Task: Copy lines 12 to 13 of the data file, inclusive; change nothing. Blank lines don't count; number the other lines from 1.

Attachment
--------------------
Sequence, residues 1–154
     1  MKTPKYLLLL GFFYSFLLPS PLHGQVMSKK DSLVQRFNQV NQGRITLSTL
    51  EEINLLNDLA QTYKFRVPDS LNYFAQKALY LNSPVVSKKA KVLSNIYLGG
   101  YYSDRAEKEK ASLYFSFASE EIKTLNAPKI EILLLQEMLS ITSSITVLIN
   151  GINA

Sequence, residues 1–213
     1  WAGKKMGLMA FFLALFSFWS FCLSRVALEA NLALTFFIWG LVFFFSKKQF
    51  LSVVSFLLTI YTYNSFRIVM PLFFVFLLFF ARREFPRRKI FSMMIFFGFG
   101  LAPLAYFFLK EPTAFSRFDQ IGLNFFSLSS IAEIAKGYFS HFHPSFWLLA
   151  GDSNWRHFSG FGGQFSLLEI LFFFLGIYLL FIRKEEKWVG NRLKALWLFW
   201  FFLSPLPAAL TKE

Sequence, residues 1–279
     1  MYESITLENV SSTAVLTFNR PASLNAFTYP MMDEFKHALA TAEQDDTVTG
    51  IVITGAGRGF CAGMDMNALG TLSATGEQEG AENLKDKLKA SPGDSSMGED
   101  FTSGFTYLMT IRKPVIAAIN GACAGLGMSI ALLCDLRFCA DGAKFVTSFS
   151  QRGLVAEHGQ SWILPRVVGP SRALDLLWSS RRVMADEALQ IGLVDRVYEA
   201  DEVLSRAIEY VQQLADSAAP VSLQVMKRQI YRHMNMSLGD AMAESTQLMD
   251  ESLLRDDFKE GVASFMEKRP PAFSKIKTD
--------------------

Sequence, residues 1–279
     1  MYESITLENV SSTAVLTFNR PASLNAFTYP MMDEFKHALA TAEQDDTVTG